I would strongly advise against it. The oils from the Thuja species (of which western red cedar is one) is known to be toxic and cause convulsions when people have used it in remedies and the dust causes a lot of allergies and industrial asthma. But I'd be more worried about how it would affect the wine even in very small quantities. Cedar doesn't appeal to me as a flavor in wine and there's a reason why oak is usually the only wood that touches wine.
Like most people who do a lot of things at home I like to use all my waste and keep sawdust and wood shavings for all kinds of things like thickening epoxy and maple or hickory and some other woods go into the smoker or bbq. Not quite sure what to do with cedar though as I've never had a heap of it around to work with. There'd be guys on here that know more about this stuff than me so happy to be corrected if I'm wrong. But I'd hate for you to ruin a batch of wine or even worse make yourself sick.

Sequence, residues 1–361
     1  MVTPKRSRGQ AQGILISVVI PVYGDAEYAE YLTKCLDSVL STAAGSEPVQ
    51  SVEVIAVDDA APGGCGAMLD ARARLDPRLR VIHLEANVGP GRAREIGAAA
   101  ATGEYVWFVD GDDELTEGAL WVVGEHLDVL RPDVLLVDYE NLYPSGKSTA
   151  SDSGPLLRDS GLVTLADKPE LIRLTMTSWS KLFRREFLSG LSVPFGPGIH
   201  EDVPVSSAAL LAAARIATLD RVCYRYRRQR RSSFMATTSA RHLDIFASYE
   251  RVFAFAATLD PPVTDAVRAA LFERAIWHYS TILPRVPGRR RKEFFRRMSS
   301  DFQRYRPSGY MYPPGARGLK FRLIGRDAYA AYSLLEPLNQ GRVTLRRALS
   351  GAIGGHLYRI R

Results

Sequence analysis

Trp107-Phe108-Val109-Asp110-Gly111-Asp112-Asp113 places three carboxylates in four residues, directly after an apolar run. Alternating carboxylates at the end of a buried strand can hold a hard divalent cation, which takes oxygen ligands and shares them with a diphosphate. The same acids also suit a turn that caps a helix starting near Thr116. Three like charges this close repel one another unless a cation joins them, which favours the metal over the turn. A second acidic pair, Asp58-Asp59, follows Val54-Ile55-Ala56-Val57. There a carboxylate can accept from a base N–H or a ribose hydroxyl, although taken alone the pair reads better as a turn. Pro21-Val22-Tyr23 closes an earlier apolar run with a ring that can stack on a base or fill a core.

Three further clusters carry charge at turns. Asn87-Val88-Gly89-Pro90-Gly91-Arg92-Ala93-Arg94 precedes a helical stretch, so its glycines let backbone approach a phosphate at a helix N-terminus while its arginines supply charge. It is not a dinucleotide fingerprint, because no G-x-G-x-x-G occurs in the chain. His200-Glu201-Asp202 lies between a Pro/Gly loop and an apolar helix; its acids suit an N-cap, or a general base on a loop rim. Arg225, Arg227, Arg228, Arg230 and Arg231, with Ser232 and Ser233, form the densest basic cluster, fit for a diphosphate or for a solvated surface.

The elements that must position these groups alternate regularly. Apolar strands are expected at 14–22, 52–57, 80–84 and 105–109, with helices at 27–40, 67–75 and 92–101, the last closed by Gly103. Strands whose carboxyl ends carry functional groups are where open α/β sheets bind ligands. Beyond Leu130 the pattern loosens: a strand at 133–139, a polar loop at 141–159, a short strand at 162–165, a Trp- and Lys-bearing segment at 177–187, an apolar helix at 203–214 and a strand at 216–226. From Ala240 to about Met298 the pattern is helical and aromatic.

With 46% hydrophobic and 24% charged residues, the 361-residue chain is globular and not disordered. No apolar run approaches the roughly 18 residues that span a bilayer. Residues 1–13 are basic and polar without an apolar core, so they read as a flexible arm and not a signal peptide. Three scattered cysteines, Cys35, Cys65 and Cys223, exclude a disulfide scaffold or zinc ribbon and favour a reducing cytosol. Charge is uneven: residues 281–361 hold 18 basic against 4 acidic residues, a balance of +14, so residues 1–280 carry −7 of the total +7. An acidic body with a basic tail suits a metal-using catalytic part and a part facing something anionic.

I'm down here in the Texas Hill Country we have a lot of cedar and wineries. I'm not fond of a lot of Hill Country wines as I taste cedar. Now folks say I'm crazy and that is all in my head. My taste buds, say otherwise. In my case it is most certainly cedar pollen on the grapes.
Plane down some cherry wood, I like it in a malbec.
I use Scott Tannin FT Rouge exclusively. "Scott 'Tannin FT Rouge is composed of exotic wood and chestnut tannins." I would not use any form of cedar in winemaking unless you have a problem with moth's getting into your wines.......